Research presented at Experimental Biology (EB,Chicago,IL, April 22-26), continues to support dried plums/prunes’ role in health promotion and lowering the risk of chronic disease. Separate presentations focused on anti-inflammatory properties of dried plums’ polyphenolic compounds and on their protective role in an animal model of colon carcinogenesis.

Brenda J. Smith, PhD, Oklahoma State University has a long history of dried plum research beginning in the area of bone health. She has a particular interest in the role of polyphenols (plant bioactive compounds) in immune function. Her research looked at the ability of dried plums to protect these cells, which serve as a barrier to foreign substances, in normal and inflammatory conditions.

Dr. Smith commented that “recent studies have demonstrated an important connection between gut immunity and bone health. This is in part due to the way in which the immune system regulates bone metabolic processes. Previously our lab has shown that dried plum's polyphenols are responsible for at least some of the fruit's bone protective effects, which coincide with a decrease in inflammation. Because a significant proportion of polyphenols are not readily absorbed and a majority of our immune cells reside within the gastrointestinal tract, we wanted to investigate these compounds’ effects on the gut immune response.”

“Our results show that the polyphenols have anti-inflammatory and other immune modulating properties that are mediated by their effects on intestinal epithelial cells. These findings provide new insights as to how dried plums benefit bone, gut and immune health.”

Nancy D. Turner, PhD, Texas A&M University continues her research on the role of dried plums in a rat model of colon cancer. Her previous research discovered that rats fed a dried plum diet had fewer precancerous colon cancer lesions (aberrant crypt foci) than rats fed the control diet and had different distributions of colonic microbiota. Based on these findings, which were seen at levels equivalent to a 40g serving of dried plums, her team wanted to characterize the metabolome (diet-derived small molecules and microbial metabolites) in the colon of the rats.

The study analyzed and discovered numerous differences in these compounds based on the location in the colon, the diet (control or dried plum) and the interaction between the location and diet. Some of the compounds endogenous to dried plums were found in animals fed the dried plum diet but were not detected in the control animals. These included sugar alcohols (mannitol/sorbitol), sugar derived metabolites and other plant-associated compounds. Animals fed the dried plum diet also had an increase in microbially-derived metabolites suggesting that consumption of the whole fruit delivered a unique combination of dried plum bioactives to the colon. These results suggest that dried plums through their endogenous compounds or through microbially-derived metabolites change the colon environment, which may have contributed to the reduction of precancerous lesions in Dr. Turner’s initial research.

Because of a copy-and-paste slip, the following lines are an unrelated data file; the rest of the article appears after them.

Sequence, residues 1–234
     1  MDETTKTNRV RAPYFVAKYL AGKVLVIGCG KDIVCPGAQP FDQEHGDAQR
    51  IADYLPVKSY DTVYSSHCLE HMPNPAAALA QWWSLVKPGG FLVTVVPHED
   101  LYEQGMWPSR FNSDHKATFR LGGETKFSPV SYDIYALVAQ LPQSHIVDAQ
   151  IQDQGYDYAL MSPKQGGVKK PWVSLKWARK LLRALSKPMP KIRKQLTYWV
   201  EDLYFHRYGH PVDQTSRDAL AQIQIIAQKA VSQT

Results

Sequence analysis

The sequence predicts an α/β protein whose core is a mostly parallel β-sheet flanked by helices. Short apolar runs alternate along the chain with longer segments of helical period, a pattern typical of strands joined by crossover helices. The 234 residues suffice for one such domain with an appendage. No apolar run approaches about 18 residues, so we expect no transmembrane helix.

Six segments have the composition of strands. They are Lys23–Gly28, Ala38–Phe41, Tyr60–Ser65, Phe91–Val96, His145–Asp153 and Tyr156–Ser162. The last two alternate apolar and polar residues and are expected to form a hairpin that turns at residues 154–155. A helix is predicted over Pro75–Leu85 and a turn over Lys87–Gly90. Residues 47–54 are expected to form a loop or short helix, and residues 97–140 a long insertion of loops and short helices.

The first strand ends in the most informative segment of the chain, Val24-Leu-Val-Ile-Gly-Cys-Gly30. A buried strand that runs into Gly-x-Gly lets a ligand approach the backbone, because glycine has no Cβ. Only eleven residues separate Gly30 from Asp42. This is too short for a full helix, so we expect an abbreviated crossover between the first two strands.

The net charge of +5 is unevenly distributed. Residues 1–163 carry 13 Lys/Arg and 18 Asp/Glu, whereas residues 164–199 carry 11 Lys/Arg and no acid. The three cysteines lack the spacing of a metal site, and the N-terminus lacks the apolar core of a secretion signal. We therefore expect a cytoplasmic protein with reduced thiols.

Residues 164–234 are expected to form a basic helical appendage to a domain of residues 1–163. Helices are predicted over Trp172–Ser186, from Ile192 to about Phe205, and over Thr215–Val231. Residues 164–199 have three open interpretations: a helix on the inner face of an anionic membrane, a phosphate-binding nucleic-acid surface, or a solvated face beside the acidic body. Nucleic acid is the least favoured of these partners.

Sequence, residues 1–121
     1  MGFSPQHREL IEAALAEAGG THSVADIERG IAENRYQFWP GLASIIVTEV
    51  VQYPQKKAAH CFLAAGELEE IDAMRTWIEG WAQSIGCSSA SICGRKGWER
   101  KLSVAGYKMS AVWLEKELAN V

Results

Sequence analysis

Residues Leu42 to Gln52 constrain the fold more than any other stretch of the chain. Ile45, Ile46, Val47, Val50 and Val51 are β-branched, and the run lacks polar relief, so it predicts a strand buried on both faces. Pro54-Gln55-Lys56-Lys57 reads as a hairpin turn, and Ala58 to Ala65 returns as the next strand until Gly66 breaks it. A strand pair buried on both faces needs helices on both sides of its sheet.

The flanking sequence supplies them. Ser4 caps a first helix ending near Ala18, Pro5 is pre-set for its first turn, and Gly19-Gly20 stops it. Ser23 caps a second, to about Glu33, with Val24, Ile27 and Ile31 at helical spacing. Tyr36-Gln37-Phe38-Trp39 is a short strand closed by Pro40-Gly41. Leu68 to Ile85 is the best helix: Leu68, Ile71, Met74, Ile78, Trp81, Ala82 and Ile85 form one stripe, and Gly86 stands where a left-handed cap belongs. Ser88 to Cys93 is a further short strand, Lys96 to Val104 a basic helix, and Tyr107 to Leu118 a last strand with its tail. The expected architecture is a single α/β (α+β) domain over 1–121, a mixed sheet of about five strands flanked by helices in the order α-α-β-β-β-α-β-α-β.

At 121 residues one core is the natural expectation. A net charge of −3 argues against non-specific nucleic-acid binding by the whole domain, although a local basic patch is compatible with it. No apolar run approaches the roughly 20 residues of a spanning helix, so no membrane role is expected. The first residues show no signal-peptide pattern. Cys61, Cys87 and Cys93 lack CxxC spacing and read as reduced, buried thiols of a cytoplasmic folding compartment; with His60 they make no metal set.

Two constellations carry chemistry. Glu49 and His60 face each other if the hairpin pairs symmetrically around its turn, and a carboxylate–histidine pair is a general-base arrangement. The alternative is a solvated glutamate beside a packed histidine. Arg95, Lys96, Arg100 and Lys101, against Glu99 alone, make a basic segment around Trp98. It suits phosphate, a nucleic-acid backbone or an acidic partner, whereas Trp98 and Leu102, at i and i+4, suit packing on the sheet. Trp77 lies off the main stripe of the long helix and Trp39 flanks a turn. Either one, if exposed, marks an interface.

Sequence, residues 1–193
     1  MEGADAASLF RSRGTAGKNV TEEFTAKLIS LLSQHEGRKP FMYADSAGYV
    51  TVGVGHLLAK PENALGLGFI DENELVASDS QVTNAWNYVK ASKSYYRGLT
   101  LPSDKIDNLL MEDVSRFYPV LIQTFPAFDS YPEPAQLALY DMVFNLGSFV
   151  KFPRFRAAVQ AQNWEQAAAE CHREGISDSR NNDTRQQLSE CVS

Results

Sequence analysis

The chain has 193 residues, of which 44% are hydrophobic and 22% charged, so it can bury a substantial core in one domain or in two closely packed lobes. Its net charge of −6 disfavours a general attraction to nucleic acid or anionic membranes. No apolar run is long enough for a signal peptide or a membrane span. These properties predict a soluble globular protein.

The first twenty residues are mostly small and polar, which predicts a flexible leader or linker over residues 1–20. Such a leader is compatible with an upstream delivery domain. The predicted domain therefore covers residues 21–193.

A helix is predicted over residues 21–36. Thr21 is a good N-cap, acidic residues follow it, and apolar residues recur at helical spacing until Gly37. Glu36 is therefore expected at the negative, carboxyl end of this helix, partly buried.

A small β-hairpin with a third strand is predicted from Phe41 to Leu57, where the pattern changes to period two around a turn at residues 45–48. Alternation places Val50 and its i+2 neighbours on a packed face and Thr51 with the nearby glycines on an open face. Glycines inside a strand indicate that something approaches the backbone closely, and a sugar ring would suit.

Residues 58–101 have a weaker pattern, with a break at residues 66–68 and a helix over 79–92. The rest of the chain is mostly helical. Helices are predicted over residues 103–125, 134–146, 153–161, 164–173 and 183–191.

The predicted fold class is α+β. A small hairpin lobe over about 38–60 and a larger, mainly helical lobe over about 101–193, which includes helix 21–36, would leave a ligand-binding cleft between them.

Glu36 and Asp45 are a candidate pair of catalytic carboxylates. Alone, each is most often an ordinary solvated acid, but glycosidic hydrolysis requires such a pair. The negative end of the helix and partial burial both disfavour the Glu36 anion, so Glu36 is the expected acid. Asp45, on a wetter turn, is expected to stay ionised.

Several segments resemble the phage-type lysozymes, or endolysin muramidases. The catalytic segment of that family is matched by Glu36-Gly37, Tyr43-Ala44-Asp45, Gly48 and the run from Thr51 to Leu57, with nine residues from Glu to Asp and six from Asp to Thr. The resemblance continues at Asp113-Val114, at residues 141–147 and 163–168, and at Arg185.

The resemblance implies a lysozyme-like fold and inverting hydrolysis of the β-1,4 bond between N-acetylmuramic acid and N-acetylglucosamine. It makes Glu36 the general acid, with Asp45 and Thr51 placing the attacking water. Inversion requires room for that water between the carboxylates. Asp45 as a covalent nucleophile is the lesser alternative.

According to Dr. Turner, “some of the metabolites identified are tied to pathways directly involved in colon carcinogenesis. These data indicate dried plums/prunes are able to beneficially alter the colonic environment directly, or through their effect on the metabolism of the microbiota present there. Because of these effects, dried plums may reduce the risk of colon cancer development.”

Washburn KR, Crockett EK, Grae JL, Lucas EA, and Smith BF. “Polyphenolic compounds downregulate IL-6 in gut epithelial cells under inflammatory conditions.” The FASEB Journal April 2017. Vol. 31 No. 1 Supplement 166.6

Seidel DV, Taddeo SS, Azcarate-Peril MA, Carroll RJ, and Turner ND. “Dried plums modify the colon luminal metabolome in a rat model of colon carcinogenesis.” The FASEB Journal April 2017. Vol. 31 No. 1 Supplement 590.5.